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Ecumenical dinner marks Week of Prayer for Christian Unity


Boston-area faith leaders pose for a photo following the Jan. 20 dinner Fellowship Dinner, one of the key events held to commemorate the Week of Prayer for Christian Unity. Courtesy photo

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BOSTON -- Relationships were built and fellowship experienced during an ecumenical dinner gathering, Jan. 20, that served as the anchor event for this year's annual Week of Prayer for Christian Unity.

Traditionally celebrated Jan. 18 to 25, the Week of Prayer for Christian Unity is an international initiative that invites Christians from different congregations and parishes all over the world to come together to pray for unity. In recent years in the Boston area, the week is marked by gatherings of prayer and fellowship coordinated by the ecumenical organization UniteBoston.

Last year, the week was marked by a special prayer gathering at Holy Name Church in West Roxbury that saw hundreds of Christians and Christian leaders attend. The Archdiocese of Boston and the Institute for Christian Unity worked with UniteBoston to host the event, which organizers at the time called a positive and quantitative "leap" in ecumenical relationships.

This year's anchor "Fellowship Dinner" was meant to build on the many relationships created during last year's gathering, and help form "solid relationships" between the Catholic, Orthodox, Evangelical and Protestant Christians who attended, said Vito Nicastro, associate director of the Archdiocese of Boston's Office of Ecumenical Affairs and an organizer of the event.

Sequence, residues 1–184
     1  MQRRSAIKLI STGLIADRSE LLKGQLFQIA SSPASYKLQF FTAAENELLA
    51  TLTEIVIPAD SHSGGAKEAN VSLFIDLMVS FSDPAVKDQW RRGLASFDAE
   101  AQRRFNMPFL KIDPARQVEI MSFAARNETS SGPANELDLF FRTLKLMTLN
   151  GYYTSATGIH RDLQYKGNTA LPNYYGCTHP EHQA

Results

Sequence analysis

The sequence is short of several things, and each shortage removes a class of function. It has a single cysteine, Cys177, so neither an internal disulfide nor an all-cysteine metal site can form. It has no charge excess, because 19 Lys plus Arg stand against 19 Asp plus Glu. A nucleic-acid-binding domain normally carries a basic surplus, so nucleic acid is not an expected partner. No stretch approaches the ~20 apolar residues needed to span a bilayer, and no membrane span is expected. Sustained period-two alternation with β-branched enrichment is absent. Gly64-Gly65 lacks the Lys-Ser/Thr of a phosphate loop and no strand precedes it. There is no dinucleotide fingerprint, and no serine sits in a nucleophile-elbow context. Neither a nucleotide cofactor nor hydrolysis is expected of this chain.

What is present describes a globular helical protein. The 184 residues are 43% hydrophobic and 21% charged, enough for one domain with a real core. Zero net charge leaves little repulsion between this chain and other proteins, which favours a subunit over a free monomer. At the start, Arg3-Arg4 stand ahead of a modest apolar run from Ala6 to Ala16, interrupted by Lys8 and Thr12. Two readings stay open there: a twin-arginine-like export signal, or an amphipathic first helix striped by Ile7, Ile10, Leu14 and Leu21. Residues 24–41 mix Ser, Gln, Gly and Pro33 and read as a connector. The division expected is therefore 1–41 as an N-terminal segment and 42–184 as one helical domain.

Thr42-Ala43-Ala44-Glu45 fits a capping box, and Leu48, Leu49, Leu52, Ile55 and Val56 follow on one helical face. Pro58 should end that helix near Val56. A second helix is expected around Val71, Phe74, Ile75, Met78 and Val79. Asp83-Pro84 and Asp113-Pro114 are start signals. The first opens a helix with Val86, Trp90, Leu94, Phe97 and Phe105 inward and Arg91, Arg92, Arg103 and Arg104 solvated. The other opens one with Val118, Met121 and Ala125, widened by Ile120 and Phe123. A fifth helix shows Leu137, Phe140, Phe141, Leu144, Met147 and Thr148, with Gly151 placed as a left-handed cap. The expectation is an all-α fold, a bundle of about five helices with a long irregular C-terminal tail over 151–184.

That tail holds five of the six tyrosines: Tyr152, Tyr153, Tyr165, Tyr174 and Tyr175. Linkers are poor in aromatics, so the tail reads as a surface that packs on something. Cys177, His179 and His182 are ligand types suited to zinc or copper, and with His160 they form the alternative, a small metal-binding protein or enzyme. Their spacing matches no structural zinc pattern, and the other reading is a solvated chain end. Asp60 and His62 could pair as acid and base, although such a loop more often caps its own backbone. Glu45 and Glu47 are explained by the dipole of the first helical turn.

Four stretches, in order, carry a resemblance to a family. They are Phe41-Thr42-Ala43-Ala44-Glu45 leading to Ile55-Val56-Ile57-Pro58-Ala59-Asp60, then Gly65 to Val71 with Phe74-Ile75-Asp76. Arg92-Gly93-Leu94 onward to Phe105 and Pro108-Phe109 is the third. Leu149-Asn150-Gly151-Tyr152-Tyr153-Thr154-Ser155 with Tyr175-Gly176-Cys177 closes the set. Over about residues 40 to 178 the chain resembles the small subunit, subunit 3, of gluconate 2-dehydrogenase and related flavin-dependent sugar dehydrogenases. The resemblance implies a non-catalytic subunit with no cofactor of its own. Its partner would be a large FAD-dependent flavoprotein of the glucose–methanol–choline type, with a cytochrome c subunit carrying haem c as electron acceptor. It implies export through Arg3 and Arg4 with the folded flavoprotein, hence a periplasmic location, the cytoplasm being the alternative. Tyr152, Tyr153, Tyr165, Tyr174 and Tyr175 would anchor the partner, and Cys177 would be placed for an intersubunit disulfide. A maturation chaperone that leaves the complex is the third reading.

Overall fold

Speaking to The Pilot Jan. 23, Nicastro said the dinner was "exciting, fun, diverse" and "spiritually fulfilling"; an "exceptional event" in the long series of annual Weeks of Prayer for Christian Unity.

It was "satisfying, because we felt we made a new contribution to Christian unity," he said.

Around 70 people attended the dinner, which was held at the Congregation Lion of Judah church in Boston. Among those were a number of local Christian leaders, including retired Boston auxiliary Bishop Arthur Kennedy.

In a statement to The Pilot Jan. 24, Bishop Kennedy said he was "very pleased to represent Cardinal Seán and to confirm his dedication to the unity of faith among the Christians in the neighborhoods, cities and town throughout the Archdiocese of Boston."

"The annual celebration is important to remind us of this important aspect of the Church's mission together with other believers," he said.

While the Jan. 20 dinner was the anchor event of the week, from Jan. 18 to 25, similar dinners coordinated by UniteBoston were held in local churches across the Greater Boston Area.

Scott Brill, co-founder of the Institute for Christian Unity, said following the event that "sitting down to share a meal with bishops, pastors, lay leaders and lay people helped me get to know their stories of growing Christian unity and I left the evening really encouraged."

"Last year's gathering advanced the work of Christian unity broadly; this year's gathering deepened it," he added.

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